Are Video Games Good or Bad For Society? [You Told Us]

Ads by Google

Video games are now commonplace, having grown from being the domain of the geekiest kids in the ’70s and ’80s to mainstream fare in the ’90s and ’00s. In the ’10s you can play video games on dedicated consoles, set-top boxes, computers, tablets, smartphones, and many more devices I’ve probably forgotten to list. They’re here, and they’re here to stay, and yet the debate over whether they’re a force for good or evil is still ongoing.

Mainstream media and politicians tend to take one piece of anecdotal or coincidental evidence and use it to condemn the industry. Gamers and liberals tend to ignore the issue completely, refusing to even consider the possibility that video games aren’t serving society in a positive manner. It’s a debate that has to be had, and, hopefully, put to bed sooner rather than later.

We attempted to do just that with last week’s We Ask You column. The results of which can be consumed below.

The Results

We asked you, Are Video Games Good Or Bad For Society? We had a great response, with dozens of MakeUseOf readers weighing in with their views on the subject at hand. It’s a topic which stirs some emotions, with gamers eager to defend their pastime of choice while non-gamers see an easy target just waiting to be attacked. Thankfully our readership comprises an intelligent and coherent set of people.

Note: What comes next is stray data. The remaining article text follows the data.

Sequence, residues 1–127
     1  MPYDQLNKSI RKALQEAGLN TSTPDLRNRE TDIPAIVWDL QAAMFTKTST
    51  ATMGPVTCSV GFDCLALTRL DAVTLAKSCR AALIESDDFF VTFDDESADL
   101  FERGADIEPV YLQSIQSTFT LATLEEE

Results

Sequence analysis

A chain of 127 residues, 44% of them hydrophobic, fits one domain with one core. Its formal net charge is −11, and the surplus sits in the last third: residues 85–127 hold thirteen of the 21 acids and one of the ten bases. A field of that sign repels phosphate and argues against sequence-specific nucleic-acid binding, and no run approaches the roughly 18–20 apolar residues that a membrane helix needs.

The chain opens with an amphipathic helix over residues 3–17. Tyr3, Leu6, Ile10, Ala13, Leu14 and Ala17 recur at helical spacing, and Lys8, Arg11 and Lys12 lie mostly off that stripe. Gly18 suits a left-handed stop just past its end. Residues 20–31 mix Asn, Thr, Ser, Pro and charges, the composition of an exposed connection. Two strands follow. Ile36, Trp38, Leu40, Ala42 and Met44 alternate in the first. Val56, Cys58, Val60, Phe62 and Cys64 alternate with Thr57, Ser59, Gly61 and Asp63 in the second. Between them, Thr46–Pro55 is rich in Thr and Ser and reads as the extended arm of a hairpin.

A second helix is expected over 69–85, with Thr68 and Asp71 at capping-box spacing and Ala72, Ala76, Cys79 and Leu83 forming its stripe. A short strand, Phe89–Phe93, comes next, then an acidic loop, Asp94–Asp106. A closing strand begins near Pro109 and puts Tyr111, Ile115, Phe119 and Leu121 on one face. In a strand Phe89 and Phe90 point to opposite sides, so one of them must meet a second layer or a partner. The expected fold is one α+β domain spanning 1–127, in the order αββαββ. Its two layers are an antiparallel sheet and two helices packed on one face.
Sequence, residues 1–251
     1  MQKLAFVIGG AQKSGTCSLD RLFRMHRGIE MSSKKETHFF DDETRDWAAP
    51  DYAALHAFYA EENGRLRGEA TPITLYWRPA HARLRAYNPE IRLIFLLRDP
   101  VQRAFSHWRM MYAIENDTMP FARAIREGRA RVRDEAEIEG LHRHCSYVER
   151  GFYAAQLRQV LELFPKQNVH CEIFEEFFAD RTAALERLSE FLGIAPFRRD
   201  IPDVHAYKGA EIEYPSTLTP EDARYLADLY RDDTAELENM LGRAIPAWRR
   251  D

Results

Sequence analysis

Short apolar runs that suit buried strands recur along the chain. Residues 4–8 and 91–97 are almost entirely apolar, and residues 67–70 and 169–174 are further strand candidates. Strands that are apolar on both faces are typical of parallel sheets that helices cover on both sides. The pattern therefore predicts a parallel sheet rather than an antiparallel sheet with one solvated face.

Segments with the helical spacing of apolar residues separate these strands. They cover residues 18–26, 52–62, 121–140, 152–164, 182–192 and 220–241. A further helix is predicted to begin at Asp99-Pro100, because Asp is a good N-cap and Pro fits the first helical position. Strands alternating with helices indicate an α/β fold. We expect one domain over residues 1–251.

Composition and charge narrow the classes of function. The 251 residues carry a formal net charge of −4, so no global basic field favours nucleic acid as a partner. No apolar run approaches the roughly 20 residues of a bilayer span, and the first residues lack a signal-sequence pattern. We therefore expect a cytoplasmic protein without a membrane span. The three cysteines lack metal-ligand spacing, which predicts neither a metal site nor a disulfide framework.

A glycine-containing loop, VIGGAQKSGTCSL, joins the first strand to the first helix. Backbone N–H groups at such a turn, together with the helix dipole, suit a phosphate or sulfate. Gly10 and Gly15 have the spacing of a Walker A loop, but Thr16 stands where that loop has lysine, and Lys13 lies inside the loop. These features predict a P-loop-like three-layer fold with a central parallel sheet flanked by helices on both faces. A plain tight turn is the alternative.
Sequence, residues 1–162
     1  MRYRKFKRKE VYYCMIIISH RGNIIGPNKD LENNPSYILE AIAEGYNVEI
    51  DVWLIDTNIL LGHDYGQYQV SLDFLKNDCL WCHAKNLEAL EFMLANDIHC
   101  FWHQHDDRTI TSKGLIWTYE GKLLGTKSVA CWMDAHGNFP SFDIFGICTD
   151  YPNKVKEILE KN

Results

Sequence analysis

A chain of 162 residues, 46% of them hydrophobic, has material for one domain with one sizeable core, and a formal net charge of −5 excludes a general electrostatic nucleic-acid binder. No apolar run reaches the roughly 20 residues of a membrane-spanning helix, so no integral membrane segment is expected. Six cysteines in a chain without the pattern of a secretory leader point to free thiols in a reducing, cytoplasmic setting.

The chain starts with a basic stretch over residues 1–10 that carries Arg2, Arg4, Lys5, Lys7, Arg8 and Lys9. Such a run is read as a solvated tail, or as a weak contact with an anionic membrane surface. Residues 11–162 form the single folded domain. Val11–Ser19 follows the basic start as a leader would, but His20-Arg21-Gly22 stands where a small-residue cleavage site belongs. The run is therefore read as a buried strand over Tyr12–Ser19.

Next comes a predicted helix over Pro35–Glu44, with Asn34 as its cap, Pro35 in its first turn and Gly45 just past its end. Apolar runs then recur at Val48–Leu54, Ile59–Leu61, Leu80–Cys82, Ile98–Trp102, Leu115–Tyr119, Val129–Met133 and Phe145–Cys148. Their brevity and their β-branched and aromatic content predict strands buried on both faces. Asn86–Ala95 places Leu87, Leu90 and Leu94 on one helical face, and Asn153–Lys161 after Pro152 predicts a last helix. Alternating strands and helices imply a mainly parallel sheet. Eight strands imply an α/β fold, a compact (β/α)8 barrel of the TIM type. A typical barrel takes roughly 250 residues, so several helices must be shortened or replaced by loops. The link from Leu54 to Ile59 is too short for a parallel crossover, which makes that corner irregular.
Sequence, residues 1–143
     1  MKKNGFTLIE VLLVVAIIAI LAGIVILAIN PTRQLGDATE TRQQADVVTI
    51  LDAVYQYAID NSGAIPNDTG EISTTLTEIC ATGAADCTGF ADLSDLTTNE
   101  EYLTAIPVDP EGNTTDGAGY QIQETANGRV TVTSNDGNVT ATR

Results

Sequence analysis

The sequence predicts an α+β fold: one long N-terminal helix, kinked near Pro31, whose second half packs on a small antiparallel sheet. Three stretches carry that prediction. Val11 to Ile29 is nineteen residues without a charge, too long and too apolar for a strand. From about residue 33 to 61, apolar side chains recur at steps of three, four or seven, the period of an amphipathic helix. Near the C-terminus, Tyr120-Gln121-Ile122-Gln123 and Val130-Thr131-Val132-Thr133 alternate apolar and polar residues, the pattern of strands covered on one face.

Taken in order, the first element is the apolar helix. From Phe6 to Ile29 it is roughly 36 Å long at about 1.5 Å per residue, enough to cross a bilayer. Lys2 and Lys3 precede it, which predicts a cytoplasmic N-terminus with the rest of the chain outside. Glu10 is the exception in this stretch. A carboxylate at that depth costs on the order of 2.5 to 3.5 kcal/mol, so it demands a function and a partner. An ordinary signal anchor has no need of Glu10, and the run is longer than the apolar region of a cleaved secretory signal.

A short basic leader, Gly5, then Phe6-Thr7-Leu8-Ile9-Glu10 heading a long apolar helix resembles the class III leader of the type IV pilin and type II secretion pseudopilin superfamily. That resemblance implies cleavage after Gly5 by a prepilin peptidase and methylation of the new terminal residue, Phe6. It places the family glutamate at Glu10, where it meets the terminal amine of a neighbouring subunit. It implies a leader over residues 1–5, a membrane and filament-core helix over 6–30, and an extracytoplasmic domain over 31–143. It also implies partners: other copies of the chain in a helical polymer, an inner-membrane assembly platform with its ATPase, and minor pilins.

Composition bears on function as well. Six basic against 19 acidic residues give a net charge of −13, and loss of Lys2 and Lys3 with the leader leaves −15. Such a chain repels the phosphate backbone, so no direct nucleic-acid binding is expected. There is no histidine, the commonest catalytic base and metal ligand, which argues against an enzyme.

This isn’t really a debate that can be summed up in a couple of paragraphs, so I strongly urge you to read through the full thread at the bottom of last week’s article (link above). However, there is a definite split of around 70/30 percent (gathered in a totally non-scientific manner) of comments arguing that games are good for society rather than bad.

Ads by Google

The more interesting points made include:

  • All video games cannot and should not be lumped together.
  • Parents need to take more responsibility over which titles their children play.
  • Blaming video games for the ills of society makes for good headlines.
  • Video games are likely to become a more intrinsic part of society as time goes on.
  • And finally… (almost) everything is fine in moderation.

Comment Of The Week

We had great input from the likes of Kirby, Tahmid, and Rubis Song, to name just a few. Comment Of The Week goes to Richard Seese, who won with this comment:

Q: Do you believe video games are good or bad for society as a whole?
A: They are absolutely good. Most individuals nowadays seek video games as a temporary escape from the outside world. They give us adventures just like a book. They give us imagination, just like a book. They give us inspiration, just like art.
For people with disabilities, it is a way to reach out to others, while having fun (instead of wasting away on Facebook, or worse, alone). For people with social anxiety issues, it allows them to interact with others who have common goals. For the competitors in us, it allows us to shine, and work to be the best.
Q: Can the blame for any of the current ills of the world be leveled at video games?